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Madeleine Peyroux: If it’s not beautiful, it’s not interesting





In official pictures, American jazz singer extraordinaire Madeleine Peyroux tends to ooze self-confidence and a sort of timeless, old-school glamour.

Madeleine Peyroux. Picture: Yann Orhan
Madeleine Peyroux. Picture: Yann Orhan

But the last time we spoke – ahead of last year’s cancelled UK tour – she seemed a bit sad as we chatted via Zoom. I put this to the star as we reconnected via a video call once again.

“Well, I hadn’t been out on the road for quite a while,” explains the softly-spoken New York City-based singer. “We did a little bit of touring right after that in September. I’m currently working almost every week, performing – I think it’s nourishment for the soul, really.

“At many periods of my life, the transition from the way you feel before you walk on stage to the way you feel once you’re on stage can be drastic. It’s a really sacred place, the stage; it has the ability to transform people that walk across it into whatever they want to be, it’s a place where you can do or say anything... It’s the world of all imagination.”

Madeleine admits that she didn’t do as many solo livestream concerts as she had expected to do during lockdown. “To some extent that’s not music for me – live performance without another pair of ears or any other bodies doing anything just doesn’t feel like music,” she states.

Last year’s UK tour, which was to have included eight dates throughout November – including Cambridge – was supposed to have been a celebration of Craft Recordings’ deluxe reissue of Madeleine’s best selling 2004 album, Careless Love, and the album was to have been played in its entirety. Is that still the plan?

“We’ve been playing a mixture of most of the songs from Careless Love,” notes Madeleine, “and we’ve prepared all of them. But we are at the moment returning to places where I did my Careless Love shows, in some cases, and it just feels like the moment is right to add some new songs as well.

Of course there’s time for them – I mean Careless Love is only 45 minutes long and our shows are usually twice that, so we have room to add lots of material. So it’s a mixture of a bunch of things, with the idea that Careless Love is a theme and it’s at the centre of all of that, in terms of not just the song but the record, and the ideas are very important to me.”

Born in Athens, Georgia, USA, in 1974, Madeleine moved to Paris with her mother in 1987 following her parents’ divorce. Much like Edith Piaf, the young songbird spent her teenage years busking on the streets of Paris, befriending the street musicians and making the city’s Latin quarter her first stage.

“Well it was a long period of time...” recalls Madeleine, whose atmospheric version of Serge Gainsbourg’s La Javanaise was used in the soundtrack to the Oscar-winning film, The Shape of Water. “It was France and I had been living in Brooklyn till I was about 12.

“My mother got a job in France and all of a sudden we all packed up from this kind of lower middle class, slightly poorer side of town, in this Irish, Italian neighbourhood of Brooklyn, and my mother and my younger brother and I moved to the suburbs of Paris.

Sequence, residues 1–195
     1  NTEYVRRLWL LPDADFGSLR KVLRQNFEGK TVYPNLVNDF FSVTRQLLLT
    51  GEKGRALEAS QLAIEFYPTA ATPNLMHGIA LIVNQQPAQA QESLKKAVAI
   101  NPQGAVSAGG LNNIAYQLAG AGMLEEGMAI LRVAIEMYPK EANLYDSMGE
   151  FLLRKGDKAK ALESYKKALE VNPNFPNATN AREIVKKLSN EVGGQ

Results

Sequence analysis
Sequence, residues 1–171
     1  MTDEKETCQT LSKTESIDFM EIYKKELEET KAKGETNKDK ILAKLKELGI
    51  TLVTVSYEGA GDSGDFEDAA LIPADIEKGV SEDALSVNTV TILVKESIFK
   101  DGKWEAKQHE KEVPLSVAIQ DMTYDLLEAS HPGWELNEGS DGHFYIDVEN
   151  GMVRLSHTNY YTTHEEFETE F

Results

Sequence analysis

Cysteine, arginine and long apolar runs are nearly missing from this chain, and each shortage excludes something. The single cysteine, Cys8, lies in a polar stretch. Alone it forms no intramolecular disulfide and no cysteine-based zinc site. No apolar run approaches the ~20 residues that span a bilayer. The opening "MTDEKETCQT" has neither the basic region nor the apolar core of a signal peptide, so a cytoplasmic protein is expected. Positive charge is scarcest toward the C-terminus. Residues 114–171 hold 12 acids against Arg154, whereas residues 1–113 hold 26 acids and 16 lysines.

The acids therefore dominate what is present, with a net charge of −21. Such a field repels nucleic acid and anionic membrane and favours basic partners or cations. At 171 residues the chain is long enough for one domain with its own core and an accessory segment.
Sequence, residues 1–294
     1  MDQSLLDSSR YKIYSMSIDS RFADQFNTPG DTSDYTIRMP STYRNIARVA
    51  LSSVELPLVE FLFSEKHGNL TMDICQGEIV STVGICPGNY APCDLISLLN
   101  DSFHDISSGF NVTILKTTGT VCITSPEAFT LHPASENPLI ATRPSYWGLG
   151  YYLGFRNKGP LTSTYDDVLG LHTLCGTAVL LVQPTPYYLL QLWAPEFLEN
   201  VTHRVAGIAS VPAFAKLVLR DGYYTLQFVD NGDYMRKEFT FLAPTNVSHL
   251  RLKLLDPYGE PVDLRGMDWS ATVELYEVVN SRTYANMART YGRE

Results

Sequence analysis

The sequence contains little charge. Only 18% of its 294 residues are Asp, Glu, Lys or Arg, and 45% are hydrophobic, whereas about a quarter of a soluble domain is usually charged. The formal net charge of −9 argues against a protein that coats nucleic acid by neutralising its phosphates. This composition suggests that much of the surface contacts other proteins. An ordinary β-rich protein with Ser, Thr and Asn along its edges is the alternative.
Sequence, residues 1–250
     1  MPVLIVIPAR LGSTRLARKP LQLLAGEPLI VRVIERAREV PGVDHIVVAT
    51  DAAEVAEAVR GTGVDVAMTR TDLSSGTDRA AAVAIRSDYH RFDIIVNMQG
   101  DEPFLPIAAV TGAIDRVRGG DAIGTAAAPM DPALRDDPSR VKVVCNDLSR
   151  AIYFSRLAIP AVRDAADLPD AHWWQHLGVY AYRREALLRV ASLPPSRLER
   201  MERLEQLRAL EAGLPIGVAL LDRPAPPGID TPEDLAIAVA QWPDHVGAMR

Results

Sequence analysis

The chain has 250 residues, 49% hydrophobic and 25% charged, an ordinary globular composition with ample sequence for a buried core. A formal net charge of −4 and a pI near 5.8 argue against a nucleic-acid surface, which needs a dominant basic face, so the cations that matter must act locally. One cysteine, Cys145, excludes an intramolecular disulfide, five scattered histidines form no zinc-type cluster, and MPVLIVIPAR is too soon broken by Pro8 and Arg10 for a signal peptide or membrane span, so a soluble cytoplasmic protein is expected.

“It was extremely different – it was suburbia instead of a low-quality apartment complex – but it was France and I didn’t speak the language and my mother got me a guitar. I just was obsessed with walking

around the neighbourhood with my guitar and I would give up on trying to converse in French because it was too hard for me and instead would play songs for my friends and hang out.

“I had my guitar and I eventually started bringing it with me to the subway. I had to take a bus to a commuter train to get into Paris and I took my guitar with me, and one day somebody put money in my case! I wasn’t thinking of that at all, I was just sitting there playing.

“So part of what I’ve always said is that the irony to me is that I had to go to France to learn American music – and I had to go outside of America to appreciate what I have and what I learned from America. And I had to go out and play on the street to appreciate the intimate aspect of music and how precious it is.

“It wasn’t when somebody gave me money that I decided I’d be a street musician, but it was the first step along a path that made me drop out of high school and join a band and spend the next few years, basically till I was 18, playing with street musicians and driving around Europe and doing private parties and pub gigs and things like that.”

Madeleine Peyroux. Picture: Yann Orhan
Madeleine Peyroux. Picture: Yann Orhan

[Read more: Madeleine Peyroux interview: ‘We all just pine for love’, Review: Dionne Warwick performs live in Cambridge]

It certainly sounds like Madeleine’s story would make for a good film. “Yeah, there was a documentary... I was in a band that sounded really good,” she remembers. “You have to be a good musician, otherwise is it really that interesting? It’s funny how that is: none of it is really interesting if it’s not beautiful.

“We had some beautiful sounds that we made with that band and there was a documentary made called Working for the Good Life because the bandleader often said, ‘The only two kinds of people that are truly free are buskers and millionaires because you can do whatever you want’.”

Madeleine has been writing some new, slightly more politically influenced songs of late and hopes to release a new album at some point. Before then, catch her performing live at the Cambridge Corn Exchange on Monday, October 3.

Madeleine Peyroux. Picture: Shervin Lainez
Madeleine Peyroux. Picture: Shervin Lainez

For tickets, visit cornex.co.uk. For more on Madeleine, go to madeleinepeyroux.com.



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